Top Cops of the Week

 

Top Cops of the Week

 

Date: November 18, 2011
by: Observer Staff

 
 

 

EAST COUNTY
Nov. 13
Something stinks here
5:11 a.m. — 1400 block of Millbrook Circle.
Petit theft. The victim has partial custody of a child, who stays with her and his father. The victim noticed her bottle of mouthwash was taken. She explained to the deputy only one other person besides her has a key to the residence. There were no broken windows or pry marks on the doors or windows of the home. The victim has confronted the individual about the mouthwash, and that individual denied allegations. The victim requested a case number for her records.

Click here to read this week's East County Observer Cops Corner.

SARASOTA
Nov. 7
Refund policy
3:30 p.m. — 4000 block of South Tamiami Trail.
Dispute. A woman got upset when an electronics store employee asked for her driver’s license to complete her refund transaction. She demanded to speak to a manager and began filming the employees because she said they were laughing at her. The woman screamed at an employee to stop touching her, when he shielded his face from the camera on her phone. The store’s surveillance video shows that no employee touched her, and there was no evidence to move forward.

Click here to read this week's Sarasota Observer Cops Corner.

LONGBOAT KEY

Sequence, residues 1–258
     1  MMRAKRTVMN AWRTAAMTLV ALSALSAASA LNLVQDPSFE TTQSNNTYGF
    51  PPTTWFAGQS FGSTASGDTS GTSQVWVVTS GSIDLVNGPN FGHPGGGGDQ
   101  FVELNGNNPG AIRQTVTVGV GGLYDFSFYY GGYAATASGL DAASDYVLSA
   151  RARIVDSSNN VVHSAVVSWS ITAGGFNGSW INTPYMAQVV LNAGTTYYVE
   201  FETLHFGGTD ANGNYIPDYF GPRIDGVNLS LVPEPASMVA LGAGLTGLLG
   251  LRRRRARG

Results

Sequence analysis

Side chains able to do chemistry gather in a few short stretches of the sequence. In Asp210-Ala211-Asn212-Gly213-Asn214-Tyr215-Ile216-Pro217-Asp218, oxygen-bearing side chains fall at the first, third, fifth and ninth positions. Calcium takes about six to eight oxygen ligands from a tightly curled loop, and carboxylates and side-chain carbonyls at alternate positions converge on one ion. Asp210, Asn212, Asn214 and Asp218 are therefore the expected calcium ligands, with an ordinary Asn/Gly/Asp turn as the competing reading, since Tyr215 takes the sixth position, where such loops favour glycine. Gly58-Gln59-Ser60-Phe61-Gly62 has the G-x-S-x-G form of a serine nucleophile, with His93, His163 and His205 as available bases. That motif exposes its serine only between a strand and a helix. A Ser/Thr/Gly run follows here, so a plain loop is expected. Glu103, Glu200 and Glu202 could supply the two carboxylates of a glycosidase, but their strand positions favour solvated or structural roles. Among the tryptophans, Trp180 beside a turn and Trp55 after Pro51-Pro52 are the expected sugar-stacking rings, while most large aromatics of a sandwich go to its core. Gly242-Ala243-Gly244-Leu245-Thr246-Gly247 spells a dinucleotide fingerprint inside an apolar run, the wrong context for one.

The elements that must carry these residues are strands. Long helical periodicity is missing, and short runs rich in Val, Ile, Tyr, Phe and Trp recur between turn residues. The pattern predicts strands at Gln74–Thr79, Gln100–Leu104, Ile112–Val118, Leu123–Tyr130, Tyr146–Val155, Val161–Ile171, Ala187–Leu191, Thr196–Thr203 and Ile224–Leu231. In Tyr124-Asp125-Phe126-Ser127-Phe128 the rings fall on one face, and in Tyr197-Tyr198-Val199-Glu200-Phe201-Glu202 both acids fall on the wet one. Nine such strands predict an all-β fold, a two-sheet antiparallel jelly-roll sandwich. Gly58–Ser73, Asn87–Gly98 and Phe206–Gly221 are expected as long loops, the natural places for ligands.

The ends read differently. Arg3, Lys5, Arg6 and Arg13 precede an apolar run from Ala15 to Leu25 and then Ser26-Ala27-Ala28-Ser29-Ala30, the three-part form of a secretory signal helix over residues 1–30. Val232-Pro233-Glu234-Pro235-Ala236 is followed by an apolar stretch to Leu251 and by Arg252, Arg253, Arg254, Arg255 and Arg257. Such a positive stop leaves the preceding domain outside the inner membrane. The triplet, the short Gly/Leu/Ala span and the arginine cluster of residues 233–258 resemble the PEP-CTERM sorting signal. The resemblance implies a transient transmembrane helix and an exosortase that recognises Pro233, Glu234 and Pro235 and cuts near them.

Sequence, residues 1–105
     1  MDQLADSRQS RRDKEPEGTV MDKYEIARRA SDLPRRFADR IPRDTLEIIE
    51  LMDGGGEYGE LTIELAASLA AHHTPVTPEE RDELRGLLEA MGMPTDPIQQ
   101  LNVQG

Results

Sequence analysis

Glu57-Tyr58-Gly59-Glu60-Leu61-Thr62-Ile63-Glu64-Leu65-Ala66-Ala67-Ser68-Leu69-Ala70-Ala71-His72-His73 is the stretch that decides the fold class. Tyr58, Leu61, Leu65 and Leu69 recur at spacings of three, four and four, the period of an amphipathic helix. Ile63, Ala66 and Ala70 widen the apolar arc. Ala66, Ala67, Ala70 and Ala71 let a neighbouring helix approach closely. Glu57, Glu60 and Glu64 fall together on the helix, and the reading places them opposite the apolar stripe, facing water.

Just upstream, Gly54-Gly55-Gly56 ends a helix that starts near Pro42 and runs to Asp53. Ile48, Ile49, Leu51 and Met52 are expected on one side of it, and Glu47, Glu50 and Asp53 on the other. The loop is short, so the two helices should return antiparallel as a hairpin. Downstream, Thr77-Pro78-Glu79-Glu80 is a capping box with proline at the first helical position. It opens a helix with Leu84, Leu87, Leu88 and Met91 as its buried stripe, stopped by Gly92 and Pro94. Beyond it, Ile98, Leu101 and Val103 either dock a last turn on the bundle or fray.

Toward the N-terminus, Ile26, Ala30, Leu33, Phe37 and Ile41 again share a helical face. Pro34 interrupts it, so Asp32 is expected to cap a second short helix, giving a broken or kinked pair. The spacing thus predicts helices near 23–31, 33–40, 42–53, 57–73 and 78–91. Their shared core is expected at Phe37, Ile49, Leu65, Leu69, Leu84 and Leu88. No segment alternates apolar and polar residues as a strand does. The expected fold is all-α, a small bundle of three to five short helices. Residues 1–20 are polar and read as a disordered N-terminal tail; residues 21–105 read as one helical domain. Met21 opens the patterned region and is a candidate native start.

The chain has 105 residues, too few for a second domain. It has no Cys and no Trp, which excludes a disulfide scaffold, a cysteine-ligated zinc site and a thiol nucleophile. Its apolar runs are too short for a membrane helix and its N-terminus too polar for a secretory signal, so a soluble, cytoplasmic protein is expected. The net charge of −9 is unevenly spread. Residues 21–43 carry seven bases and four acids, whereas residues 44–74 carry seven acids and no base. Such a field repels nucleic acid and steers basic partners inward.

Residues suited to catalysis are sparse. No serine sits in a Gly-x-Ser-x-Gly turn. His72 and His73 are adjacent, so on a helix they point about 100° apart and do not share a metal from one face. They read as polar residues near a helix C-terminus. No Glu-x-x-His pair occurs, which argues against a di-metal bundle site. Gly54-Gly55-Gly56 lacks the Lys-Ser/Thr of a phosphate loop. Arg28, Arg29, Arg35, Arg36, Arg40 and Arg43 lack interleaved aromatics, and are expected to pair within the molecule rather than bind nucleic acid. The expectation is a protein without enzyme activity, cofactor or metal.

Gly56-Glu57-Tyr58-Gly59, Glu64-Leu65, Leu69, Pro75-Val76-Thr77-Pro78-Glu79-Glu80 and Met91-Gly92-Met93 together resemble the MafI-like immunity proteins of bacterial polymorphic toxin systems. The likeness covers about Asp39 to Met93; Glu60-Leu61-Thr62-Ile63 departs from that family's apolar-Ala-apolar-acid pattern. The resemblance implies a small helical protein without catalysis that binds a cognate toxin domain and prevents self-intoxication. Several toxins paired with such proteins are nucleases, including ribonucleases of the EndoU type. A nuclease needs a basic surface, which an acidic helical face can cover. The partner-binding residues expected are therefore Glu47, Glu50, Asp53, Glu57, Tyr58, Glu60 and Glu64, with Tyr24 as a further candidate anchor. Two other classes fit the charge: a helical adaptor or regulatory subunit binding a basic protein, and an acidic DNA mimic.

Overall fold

Nov. 6
Constructive criticism
1:17 p.m. — 500 block of Chipping Lane.
Code Enforcement. Two men who were installing brick pavers agreed to leave the area after police advised them of an ordinance that prohibits construction work on Sundays. Police also confiscated one man’s suspended driver’s license.

Click here to read this week's Longboat Observer Cops Corner.

Oct. 26
Whom can you trust these days?
4:40 p.m. — 1200 block of Stickney Point Road.
Petit Theft. A man reported that within a day or so of his move to Lakeland, he received a phone call from a woman who said she was with a bank on the Key. She told him someone had come into the bank to turn in the man’s debit card. No transactions had been reported for the card prior to the man’s receiving the phone call, and the man told a deputy he had not realized he had lost the card. Six days later, the man contacted the same woman bank officer to advise her to cancel the card, because he had no way to get back to Sarasota to retrieve it. When he went to a Lakeland branch of the bank the following day, he learned that numerous purchases had been made with the card the previous day and that the card still was active. The man asked an official at the Lakeland bank branch to cancel the card. The man said he suspected the female bank official on the Key had stolen his card number and used it to buy the items reported on the card’s account. The deputy concluded, “This requires further investigation.”

Click here to read this week's Pelican Press Cops Corner

 

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